Capucina Leïa August 26, 2021 Resume Ideas
Now, if you feel you are capable and qualified to write a compelling and dynamic resume, then by all means give it a shot. However, if you're not extremely confident in your skills as a writer and/or marketer, I would sincerely recommend you hook up with a professional resume writer to help you craft the perfect resume for you. A seasoned veteran in these matters can be an invaluable resource. After all, I trust my mechanic to work on my car because he works on cars all day, every day. Well there are people out there who work on resumes all day, every day...so trust us!
Include Irrelevant Info (AKA "Fluff") - If it's not important, don't add it to your resume. If you were a cook 10 years ago but now you're looking for a job in retail management, don't clutter up your resume with irrelevancy. Try to put yourself in the shoes of the hiring manager and ask yourself what they would see as important. How does your background correspond with their needs as an employer? Anything else is fluff. Don't add your hobbies to your resume. Don't add your references (if they want them, they'll ask at the appropriate time). And don't include your high school education either. Finally, don't be redundant and repeat yourself throughout the context of your resume. It's OK to reinforce themes, but don't push it. If your title has been Branch Manager at each of your past three companies, find a way to differentiate each of these positions and highlight your most notable accomplishments. Don't just copy and paste the line "Managed a team of branch employees" three times. That will get you nowhere.
Cut to the Chase - Don't waste time...get to the good stuff. As I said before, a hiring manager will most often skim, scan, and glance over a resume. Keep in mind that they have specific questions in mind when they review a resume for the first time and they expect specific answers. One of the most important questions they are asking is: "Who has this person worked for in the past?" For this reason, I always suggest that serious job seekers highlight their experiences first and foremost. Right below your one-sentence Objective Statement you should transition into and Experience section. In this section you should list your past employers, the years you worked for them, your job titles, and a brief description of your duties there. Of course, this may not be the best approach for some people. If your background is heavily dependent on your academic experience, then you may want to jump into that first.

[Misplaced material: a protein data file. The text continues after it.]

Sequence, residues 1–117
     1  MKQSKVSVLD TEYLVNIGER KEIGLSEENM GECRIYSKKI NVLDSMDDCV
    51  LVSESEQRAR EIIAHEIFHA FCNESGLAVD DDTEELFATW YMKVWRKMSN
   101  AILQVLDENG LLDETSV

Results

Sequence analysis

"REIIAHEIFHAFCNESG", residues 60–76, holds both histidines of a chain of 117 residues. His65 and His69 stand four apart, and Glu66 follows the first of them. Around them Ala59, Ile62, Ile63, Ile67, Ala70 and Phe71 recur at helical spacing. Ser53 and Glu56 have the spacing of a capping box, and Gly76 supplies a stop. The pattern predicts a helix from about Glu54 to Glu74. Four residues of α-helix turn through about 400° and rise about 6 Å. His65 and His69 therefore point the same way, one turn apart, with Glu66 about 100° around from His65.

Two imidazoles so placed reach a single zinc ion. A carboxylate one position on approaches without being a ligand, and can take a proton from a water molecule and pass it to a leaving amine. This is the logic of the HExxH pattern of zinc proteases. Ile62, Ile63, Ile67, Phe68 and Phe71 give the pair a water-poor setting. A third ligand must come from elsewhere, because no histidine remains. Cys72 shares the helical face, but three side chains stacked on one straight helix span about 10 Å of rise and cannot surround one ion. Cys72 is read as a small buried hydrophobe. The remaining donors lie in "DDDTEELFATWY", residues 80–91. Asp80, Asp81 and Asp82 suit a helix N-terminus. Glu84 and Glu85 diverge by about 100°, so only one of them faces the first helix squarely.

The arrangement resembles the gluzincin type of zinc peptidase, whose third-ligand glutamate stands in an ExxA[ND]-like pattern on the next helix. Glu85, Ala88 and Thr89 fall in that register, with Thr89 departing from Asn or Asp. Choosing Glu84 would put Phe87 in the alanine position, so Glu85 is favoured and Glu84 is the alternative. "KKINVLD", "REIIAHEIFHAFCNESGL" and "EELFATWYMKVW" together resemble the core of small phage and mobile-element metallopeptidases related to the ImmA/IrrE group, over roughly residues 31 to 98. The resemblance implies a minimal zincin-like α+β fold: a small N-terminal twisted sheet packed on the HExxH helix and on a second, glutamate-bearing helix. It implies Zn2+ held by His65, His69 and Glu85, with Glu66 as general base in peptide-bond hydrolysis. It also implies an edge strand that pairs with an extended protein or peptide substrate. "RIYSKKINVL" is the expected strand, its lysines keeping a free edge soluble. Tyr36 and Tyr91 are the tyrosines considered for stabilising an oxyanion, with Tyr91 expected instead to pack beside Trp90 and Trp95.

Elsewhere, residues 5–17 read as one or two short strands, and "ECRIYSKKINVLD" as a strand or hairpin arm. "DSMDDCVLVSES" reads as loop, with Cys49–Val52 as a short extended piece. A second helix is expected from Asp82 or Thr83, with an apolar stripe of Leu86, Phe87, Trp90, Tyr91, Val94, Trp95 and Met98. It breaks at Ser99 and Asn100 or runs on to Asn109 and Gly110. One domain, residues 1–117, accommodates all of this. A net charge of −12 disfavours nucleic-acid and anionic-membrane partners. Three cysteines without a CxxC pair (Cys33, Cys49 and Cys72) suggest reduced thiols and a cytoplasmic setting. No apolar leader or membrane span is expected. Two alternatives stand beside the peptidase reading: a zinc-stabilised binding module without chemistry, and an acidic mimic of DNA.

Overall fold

For those candidates who have developed significant career experience it is not unlikely that their resume will consist of two or three pages of content. Of course the caveat is that it should not be pages filled with verbose wording and hard to read paragraphs that have been typed in a small font size. A resume must be easy to read and highlight the best of a person's career, from their skills to their accomplishments.
A resume is not just a piece of paper that is meant to list the jobs you've held or the education you've acquired. It is your introduction to a prospective employer and represents the essence of your career, capabilities, and skill sets. When you are interested in a job you have one opportunity to gain the attention of a prospective employer and it is done when you submit your resume. Within a matter of minutes (or more likely seconds) someone will visually scan the resume and make a determination of your potential candidacy for an open position.
Rely on Templates or Sample Resumes - If you are surfing the web and looking for a good resume sample or template to use as a guideline for your own resume, make sure the sample you settle on is appropriate considering your background, the industry you're in, and your career intentions. Because when it comes right down to it, different styles of resumes should be employed in different industries. By way of illustration, a computer programmer's resume will vary greatly from that of a sushi chef. They both have very different skill sets which need to be highlighted in very different ways in order to be effective. If both those individuals tried to write their resumes in the same format, it would be a disaster. Hiring authorities, respectively, each have their own expectations and some resume formats are better than others at addressing those individual expectations.
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